}

//COLOR

A = 255;

B = 0;

C = 0;

FadeInOut(l, e, d, s, A, B, C);

}

if (mode == 2) {

if (!p) {

start = millis();

tmrpcm.play("2.wav");

p = true;

}

A = 0;

B = 0;

C = 255;

FadeInOut(l, e, d, s, A, B, C);

}

if (mode == 3) {

if (!p) {

tmrpcm.play("4.wav");

p = true;

start = millis();

}

A = 255;

B = 255;

C = 0;

FadeInOut(l, e, d, s, A, B, C);

}

if (mode == 4) {

if (!p) {

tmrpcm.play("6.wav");

p = true;

start = millis();

}

A = 200;

B = 0;

C = 155;

FadeInOut(l, e, d, s, A, B, C);

}

if (mode == 5) {

if (!p) {

tmrpcm.play("9.wav");

p = true;

start = millis();

}

A = 0;

B = 205;

C = 50;

FadeInOut(l, e, d, s, A, B, C);

}

}

void FadeInOut(int led1, int led2, int led3, int led4, byte red, byte green, byte blue) {

// take 4 random leds and make a a fade in and a fade out

float r, g, b;

for (int k = 0; k < 256; k = k + 1) {

r = (k / 256.0) * red;

g = (k / 256.0) * green;

b = (k / 256.0) * blue;

delay (10);

strip.setPixelColor(led1, strip.Color(r, g, b));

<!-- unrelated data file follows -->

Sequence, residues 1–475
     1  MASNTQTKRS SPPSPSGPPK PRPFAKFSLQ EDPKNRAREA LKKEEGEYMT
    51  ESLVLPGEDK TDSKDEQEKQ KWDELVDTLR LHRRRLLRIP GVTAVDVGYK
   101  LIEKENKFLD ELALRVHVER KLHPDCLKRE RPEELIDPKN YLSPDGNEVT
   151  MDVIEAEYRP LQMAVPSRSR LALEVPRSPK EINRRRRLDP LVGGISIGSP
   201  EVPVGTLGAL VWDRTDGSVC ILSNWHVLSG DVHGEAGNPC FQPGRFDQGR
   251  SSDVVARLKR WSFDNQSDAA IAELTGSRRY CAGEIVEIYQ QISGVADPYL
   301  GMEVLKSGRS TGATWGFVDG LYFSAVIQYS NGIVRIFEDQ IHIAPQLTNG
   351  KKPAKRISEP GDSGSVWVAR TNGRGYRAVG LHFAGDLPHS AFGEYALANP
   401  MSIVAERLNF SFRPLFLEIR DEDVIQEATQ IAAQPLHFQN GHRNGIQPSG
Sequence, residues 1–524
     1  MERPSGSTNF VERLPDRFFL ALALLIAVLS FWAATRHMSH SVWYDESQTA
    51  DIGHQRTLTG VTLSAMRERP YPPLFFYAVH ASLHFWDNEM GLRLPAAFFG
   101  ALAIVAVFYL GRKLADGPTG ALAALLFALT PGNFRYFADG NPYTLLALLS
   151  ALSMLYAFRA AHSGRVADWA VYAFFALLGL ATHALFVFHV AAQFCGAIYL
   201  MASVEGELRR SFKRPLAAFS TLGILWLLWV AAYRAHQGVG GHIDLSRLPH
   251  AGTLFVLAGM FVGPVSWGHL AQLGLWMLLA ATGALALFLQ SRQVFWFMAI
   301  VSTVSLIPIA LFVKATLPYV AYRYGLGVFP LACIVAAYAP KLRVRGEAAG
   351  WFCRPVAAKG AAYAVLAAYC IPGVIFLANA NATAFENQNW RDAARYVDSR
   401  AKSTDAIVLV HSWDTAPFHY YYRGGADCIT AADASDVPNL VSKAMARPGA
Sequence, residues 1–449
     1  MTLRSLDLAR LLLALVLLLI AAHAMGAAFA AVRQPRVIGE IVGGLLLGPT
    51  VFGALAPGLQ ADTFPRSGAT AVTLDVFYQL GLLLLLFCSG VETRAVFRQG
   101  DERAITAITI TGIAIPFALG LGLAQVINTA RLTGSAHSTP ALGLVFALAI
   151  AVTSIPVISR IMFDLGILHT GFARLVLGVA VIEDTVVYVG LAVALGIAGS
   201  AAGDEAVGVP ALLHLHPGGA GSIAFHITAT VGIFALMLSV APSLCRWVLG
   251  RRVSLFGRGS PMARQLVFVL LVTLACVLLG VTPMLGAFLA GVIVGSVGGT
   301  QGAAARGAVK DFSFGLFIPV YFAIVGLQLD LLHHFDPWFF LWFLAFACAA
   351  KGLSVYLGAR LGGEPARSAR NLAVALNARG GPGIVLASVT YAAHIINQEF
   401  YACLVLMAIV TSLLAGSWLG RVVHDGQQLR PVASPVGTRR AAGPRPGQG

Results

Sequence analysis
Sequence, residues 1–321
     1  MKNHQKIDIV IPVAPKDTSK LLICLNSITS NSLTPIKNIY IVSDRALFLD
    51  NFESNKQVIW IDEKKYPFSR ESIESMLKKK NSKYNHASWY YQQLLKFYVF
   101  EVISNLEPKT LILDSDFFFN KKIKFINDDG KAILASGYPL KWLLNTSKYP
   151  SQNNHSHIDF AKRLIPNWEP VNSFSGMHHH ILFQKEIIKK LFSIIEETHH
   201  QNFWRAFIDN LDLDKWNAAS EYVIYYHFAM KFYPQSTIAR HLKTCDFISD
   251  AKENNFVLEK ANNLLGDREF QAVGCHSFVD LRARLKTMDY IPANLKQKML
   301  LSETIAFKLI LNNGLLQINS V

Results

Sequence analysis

strip.setPixelColor(led2, strip.Color(r, g, b));

strip.setPixelColor(led3, strip.Color(r, g, b));

strip.setPixelColor(led4, strip.Color(r, g, b));

showStrip();

// if button is pressed change mode

if (digitalRead(buttonPin) == LOW) {

Serial.println("Button is pressed");

delay(500);

mode = mode + 1;

p = false;

estat();

}

// if button is pressed is mode 5 change mode to 1

if (digitalRead(buttonPin) == LOW && mode > 5) {

Serial.println("Button is pressed");

mode = 1;

p = false;

estat();

}

}

for (int k = 255; k >= 0; k = k - 1) {

r = (k / 256.0) * red;

g = (k / 256.0) * green;

b = (k / 256.0) * blue;

delay (10);

strip.setPixelColor(led1, strip.Color(r, g, b));

strip.setPixelColor(led2, strip.Color(r, g, b));

strip.setPixelColor(led3, strip.Color(r, g, b));

strip.setPixelColor(led4, strip.Color(r, g, b));

showStrip();

if (digitalRead(buttonPin) == LOW) {

Serial.println("Button is pressed");

delay(500);

mode = mode + 1;

p = false;

estat();

}

if (digitalRead(buttonPin) == LOW && mode > 5) {

Serial.println("Button is pressed");

mode = 1;

p = false;

estat();

}

}

}

void showStrip() {

#ifdef ADAFRUIT_NEOPIXEL_H

// NeoPixel

strip.show();

#endif

}